How can our human world ... exist and best flourish embedded as it is in the real world?

I interpret the first formulation of this problem in such a way that it encompasses all of academic thought, from theoretical physics, mathematics and cosmology, via the biological and technological sciences, to social inquiry and the humanities. It also encompasses all practical problems of living - problems facing individuals, groups, institutions, societies, nations, and humanity as a whole. The key idea of this conception of philosophy is that philosophy is concerned to help solve rationally our most fundamental problems.

The moment it is accepted that philosophy has, as its basic task, to tackle fundamental problems, it is clear that philosophy education must be transformed. Instead of learning philosophy via the history of philosophy, rather one needs to plunge, from the outset, into the fundamental problem as it confronts us today, relevant background knowledge in physics, biology, climate science, social inquiry and the humanities, politics, economics and international affairs being acquired as one goes along. That the history of philosophy is the wrong way to learn philosophy becomes all the more obvious granted the points to be made below – namely, that much of philosophy in the past has been alienated from concern with our fundamental problems.

But what exactly does "fundamental" mean here? We can perhaps say that problem P1 is more fundamental than P2 if solving P1 also, at least in principle, solves P2, but not vice versa. This suffers from the disadvantage that "P1 is more fundamental than P2" in this sense might just mean that P1 is more general. Can we distinguish "more fundamental" from "more general" - the former being stronger? It can be done like this. P1 is more fundamental than P2 if the solution to P1 solves P2, but not vice versa, and the solution to P1 is unified or coherent in some significant, substantial sense of these terms, and not just a jumble of disconnected items. An example of a unified or coherent solution is a unified physical theory that solves a range of problems in physics.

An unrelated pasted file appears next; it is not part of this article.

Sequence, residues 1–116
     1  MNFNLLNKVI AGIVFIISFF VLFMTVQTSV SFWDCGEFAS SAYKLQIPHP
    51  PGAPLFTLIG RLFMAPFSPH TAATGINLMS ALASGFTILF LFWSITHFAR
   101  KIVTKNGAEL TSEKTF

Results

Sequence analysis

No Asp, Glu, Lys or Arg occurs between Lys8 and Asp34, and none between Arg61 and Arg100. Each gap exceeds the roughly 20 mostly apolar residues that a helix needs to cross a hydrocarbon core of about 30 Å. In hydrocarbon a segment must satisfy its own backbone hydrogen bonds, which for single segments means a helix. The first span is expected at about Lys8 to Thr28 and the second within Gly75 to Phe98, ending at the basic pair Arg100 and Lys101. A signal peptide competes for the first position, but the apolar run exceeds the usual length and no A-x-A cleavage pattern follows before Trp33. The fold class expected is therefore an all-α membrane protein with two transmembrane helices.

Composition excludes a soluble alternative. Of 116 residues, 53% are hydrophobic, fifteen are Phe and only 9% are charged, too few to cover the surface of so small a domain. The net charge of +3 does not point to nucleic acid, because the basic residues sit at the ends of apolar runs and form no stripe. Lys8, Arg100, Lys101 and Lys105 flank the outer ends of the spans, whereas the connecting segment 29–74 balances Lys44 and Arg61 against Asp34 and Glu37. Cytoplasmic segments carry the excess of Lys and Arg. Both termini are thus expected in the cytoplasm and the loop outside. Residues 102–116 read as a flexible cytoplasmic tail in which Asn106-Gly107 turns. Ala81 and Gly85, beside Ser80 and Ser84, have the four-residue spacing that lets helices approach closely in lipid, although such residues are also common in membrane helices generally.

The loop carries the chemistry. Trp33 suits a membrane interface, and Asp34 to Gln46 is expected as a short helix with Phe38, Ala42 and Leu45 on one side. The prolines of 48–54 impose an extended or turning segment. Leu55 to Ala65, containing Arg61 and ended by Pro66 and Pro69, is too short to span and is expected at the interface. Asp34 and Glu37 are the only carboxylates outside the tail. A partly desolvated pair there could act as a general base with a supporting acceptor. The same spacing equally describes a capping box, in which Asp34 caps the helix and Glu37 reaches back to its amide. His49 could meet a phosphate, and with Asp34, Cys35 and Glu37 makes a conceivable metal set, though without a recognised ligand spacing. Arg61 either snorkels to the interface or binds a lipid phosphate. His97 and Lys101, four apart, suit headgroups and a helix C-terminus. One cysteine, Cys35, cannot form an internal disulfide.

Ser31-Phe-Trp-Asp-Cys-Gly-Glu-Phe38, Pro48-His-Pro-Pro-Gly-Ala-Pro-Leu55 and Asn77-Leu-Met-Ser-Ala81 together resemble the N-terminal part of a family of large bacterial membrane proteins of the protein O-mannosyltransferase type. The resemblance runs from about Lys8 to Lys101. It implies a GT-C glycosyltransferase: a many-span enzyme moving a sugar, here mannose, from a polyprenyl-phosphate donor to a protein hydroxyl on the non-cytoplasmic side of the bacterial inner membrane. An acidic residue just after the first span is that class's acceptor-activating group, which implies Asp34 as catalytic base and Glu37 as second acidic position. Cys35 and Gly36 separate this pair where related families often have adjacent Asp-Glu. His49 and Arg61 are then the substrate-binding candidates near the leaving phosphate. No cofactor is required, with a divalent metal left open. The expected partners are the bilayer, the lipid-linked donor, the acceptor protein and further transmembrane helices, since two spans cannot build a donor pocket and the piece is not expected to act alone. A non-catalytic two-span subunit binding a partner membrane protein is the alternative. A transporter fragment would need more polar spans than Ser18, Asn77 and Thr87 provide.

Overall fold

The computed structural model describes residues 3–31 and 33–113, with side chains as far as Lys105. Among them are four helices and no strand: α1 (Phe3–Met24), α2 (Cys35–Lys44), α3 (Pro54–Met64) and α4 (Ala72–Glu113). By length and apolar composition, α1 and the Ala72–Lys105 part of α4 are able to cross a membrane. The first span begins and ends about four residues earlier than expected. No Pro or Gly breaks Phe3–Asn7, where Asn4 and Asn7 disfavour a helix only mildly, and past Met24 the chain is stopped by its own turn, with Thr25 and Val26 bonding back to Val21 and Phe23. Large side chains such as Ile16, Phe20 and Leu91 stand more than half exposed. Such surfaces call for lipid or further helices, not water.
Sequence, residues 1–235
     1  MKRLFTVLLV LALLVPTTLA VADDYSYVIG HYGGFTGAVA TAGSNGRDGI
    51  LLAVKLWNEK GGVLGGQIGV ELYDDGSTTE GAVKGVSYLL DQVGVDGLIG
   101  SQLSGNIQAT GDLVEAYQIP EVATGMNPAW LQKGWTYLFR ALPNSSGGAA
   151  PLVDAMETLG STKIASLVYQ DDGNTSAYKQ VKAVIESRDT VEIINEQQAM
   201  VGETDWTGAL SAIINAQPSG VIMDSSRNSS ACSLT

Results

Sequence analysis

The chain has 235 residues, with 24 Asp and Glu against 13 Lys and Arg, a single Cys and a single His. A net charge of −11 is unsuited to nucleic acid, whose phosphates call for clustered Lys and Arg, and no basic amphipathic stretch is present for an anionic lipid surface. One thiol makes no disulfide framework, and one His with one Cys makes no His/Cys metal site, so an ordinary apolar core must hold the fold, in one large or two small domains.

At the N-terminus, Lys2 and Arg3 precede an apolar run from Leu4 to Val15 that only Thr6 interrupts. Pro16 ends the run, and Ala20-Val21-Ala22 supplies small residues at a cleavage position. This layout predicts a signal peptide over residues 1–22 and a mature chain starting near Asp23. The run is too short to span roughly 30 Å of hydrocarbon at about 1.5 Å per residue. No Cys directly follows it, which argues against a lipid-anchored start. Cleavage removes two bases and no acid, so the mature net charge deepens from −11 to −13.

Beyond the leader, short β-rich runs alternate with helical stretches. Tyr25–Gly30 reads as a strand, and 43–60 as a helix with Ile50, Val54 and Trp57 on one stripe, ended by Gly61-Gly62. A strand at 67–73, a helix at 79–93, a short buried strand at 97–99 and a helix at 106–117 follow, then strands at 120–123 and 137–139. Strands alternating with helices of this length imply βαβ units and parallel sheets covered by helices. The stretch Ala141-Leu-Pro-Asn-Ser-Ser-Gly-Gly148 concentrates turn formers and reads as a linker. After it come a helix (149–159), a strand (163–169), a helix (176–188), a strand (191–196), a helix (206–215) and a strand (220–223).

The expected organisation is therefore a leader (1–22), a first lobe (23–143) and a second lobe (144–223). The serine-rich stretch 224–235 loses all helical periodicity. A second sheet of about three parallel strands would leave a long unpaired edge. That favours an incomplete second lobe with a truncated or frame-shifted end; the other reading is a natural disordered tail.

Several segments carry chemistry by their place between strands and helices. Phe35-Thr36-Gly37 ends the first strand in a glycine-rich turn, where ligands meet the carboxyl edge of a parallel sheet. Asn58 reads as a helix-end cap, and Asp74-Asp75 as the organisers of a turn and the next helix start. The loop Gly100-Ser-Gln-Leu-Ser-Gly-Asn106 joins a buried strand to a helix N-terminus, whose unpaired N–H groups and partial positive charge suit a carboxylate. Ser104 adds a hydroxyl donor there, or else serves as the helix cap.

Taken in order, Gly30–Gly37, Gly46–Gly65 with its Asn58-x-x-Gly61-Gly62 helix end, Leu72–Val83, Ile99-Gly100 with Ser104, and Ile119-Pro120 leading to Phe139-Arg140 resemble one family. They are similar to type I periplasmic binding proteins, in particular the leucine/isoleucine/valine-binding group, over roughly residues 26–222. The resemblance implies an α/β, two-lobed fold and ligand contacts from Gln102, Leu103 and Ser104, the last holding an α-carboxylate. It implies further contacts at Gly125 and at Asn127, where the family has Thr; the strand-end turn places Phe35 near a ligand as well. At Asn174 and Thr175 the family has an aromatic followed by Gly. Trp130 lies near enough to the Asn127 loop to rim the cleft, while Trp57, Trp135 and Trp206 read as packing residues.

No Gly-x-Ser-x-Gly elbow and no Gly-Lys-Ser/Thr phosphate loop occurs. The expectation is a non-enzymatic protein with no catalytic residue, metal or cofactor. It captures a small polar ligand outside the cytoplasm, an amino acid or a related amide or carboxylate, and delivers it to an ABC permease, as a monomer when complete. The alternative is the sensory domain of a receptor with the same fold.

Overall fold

Granted this conception of the basic task of philosophy, it at once becomes clear that philosophy in the university has, as an elementary obligation, to ensure that sustained thinking about our fundamental problems and how to solve them goes on in an influential way within academic inquiry. This is, indeed, a basic requirement for academic inquiry to be rational. Four elementary, almost banal, rules of reason are:

(1) Articulate, and seek to improve the articulation of, the basic problem to be solved.

(2) Propose and critically assess possible solutions.